Your vendors are likely your biggest cybersecurity risk
As speed of business increases, more and more organizations are looking to either buy companies or outsource more services to gain market advantage. With organizations expanding their vendor base, there is a critical need for holistic third-party risk management (TPRM) and comprehensive cybersecurity measures to assess how much risk vendors pose.
While organizations assess and manage risk on a multitude of layers, none present bigger threats to business resiliency than third-party risk and a lack of robust cybersecurity controls. Breaches and service interruptions tied to these risk areas have brought down critical systems of major organizations. In 2021, 53% of CISOs surveyed by Black Kite reported being hit by at least one ransomware attack.
It bears repeating: Cybersecurity and third-party risk are the two biggest problems facing your long-term viability. Businesses need to be able to tackle these risk vectors individually to gain a complete view of their risk profile. A cross-functional process is essential to managing the overlap between these risk areas to better protect your organization and increase workflow efficiency.
Ensuring that the cybersecurity practices of your vendors align with your organization’s standards is critical to safeguarding your systems and data. In fact, it is just as important as how stable the business is or how well it delivers products and services.
Common third-party cybersecurity risks
You need to be able to identify different facets of third-party risk. Here are a few of the most common third-party cybersecurity vulnerabilities and how you can work with your partners to mitigate them.
Data breaches: Ransomware, phishing, and direct attacks on a vendor or its systems threaten your data privacy. Additionally, poor organizational security at the vendor and inadequate enforcement of controls pose security risks to your company.
Service disruptions: Malware and distributed denial-of-service attacks may take down your vendor’s systems and/or the service they provide for your IT infrastructure. Consequently, this can leave your systems exposed or your organization unable to deliver services to customers.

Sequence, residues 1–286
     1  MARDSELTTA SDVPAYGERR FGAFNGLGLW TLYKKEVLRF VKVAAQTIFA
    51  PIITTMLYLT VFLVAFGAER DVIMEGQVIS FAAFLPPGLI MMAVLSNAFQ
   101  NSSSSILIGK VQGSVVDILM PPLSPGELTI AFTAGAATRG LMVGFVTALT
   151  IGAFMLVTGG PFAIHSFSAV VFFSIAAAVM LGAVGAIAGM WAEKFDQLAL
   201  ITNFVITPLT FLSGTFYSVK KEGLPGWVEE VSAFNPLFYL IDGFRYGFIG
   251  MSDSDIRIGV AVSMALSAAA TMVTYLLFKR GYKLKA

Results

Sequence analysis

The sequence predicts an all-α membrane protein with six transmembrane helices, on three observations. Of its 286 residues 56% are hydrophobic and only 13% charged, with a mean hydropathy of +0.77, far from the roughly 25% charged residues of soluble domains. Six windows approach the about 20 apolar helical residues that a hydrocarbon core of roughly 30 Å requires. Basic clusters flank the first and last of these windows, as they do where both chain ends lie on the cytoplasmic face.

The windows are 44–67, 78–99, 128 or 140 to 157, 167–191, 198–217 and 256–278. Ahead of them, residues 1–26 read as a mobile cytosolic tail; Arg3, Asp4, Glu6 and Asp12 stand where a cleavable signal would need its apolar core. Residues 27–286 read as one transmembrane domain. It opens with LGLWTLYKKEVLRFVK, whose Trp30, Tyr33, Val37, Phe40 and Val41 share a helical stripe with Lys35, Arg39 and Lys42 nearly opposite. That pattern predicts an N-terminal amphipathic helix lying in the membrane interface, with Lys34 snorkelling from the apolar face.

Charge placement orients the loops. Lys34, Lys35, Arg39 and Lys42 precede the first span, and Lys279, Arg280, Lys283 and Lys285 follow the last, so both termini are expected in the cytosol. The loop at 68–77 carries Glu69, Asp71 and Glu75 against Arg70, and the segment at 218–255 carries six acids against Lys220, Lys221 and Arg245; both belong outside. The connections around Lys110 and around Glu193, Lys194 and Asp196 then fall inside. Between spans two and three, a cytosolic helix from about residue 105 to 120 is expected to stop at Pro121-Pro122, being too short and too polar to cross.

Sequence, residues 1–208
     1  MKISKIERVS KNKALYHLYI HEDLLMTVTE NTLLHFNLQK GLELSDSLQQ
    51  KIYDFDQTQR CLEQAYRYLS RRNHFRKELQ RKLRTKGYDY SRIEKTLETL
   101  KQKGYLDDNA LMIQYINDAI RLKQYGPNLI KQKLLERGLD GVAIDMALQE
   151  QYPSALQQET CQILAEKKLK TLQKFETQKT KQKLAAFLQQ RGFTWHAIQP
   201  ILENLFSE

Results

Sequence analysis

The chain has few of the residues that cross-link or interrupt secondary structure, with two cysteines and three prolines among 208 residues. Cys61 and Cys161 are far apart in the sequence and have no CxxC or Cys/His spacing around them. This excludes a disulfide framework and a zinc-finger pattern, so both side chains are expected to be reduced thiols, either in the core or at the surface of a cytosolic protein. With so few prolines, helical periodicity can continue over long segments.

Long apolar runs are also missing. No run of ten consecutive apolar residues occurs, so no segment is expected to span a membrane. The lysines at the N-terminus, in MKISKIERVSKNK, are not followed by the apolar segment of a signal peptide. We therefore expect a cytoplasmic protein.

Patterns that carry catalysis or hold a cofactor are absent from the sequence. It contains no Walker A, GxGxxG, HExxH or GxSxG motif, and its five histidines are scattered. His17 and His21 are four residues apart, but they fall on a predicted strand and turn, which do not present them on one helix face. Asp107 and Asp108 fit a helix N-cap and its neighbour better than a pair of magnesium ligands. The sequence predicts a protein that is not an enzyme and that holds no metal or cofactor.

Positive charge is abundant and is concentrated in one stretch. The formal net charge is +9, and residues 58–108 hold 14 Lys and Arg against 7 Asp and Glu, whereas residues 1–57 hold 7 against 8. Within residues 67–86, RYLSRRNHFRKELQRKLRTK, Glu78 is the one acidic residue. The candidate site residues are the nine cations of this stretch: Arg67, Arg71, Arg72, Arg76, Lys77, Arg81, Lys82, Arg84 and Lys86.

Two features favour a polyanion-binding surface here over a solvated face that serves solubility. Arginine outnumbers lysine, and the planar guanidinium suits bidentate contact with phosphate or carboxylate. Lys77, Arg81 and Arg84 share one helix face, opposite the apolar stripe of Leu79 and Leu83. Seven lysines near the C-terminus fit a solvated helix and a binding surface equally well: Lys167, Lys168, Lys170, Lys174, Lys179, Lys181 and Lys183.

Compliance risk: Regulators increasingly implicate organizations and their vendors for cybersecurity compliance. Understand the regulations you need to comply with externally and ensure that vendors are compliant with the regulations that are relevant to them.
Businesses face constant threats, but mitigating risks takes more than a single arm of defense. Lacking an integrated cybersecurity and TPRM system can leave your organization ill-prepared to anticipate, mitigate, or recover from breaches.
Addressing cybersecurity with your third parties
A cross-functional approach to TPRM and cybersecurity reduces duplicative work and lends deeper insight into enterprise risk for your organization, your vendors, and your partners. Here are some actions to consider as you shore up your TPRM efforts:
1. Bridge the gap between TPRM and cybersecurity
The integration of cybersecurity and TPRM is essential for organizations to better understand and monitor regulatory requirements, controls, and internal policies and procedures. The organization should understand that cybersecurity priorities function to identify the regulatory standards and controls that vendors are held to in TPRM. Organizations that integrate these two approaches take the two functions out of a silo to reduce overlap in workflow processing, reporting, and, more importantly, risk decision-making.
The organization must understand what access the third party has to its systems, data, and infrastructure. Beyond that, work to ensure adequate and appropriate measures and controls are in place to safeguard those systems and entry points.
2. Perform in-depth due diligence
Once an organization has established a solid internal foundation for cybersecurity controls and metrics, it can begin the due diligence process for new and existing vendors. TPRM teams should collect the most relevant information possible to understand a vendor’s inherent and residual cybersecurity risk, including their incident history and future-state outlook.
Prospective vendors should only be selected and onboarded if their cybersecurity practices align with your organization’s policies, and they should be stratified based on the level of risk they pose to your organization.
3. Practice ongoing monitoring
Point-in-time assessments are not sufficient for capturing a vendor’s ever-evolving risk posture. It is essential to regularly assess the security of your vendor population by performing ongoing monitoring to understand and gain visibility into changes in their cybersecurity controls and status. Cybersecurity ratings done during initial due diligence can provide a drill-down score of your vendor’s security, informing your assessment schedule. Determine an assessment scope and frequency based on the vendor’s overall risk rating at an annual, biennial, or triennial time frame.
Organizations that understand and implement integrated cybersecurity and TPRM systems gain a complete view of their vendor’s risk profile, comprehensively prepare for possible threats and compliance violations, and improve business results with trustworthy secure vendors.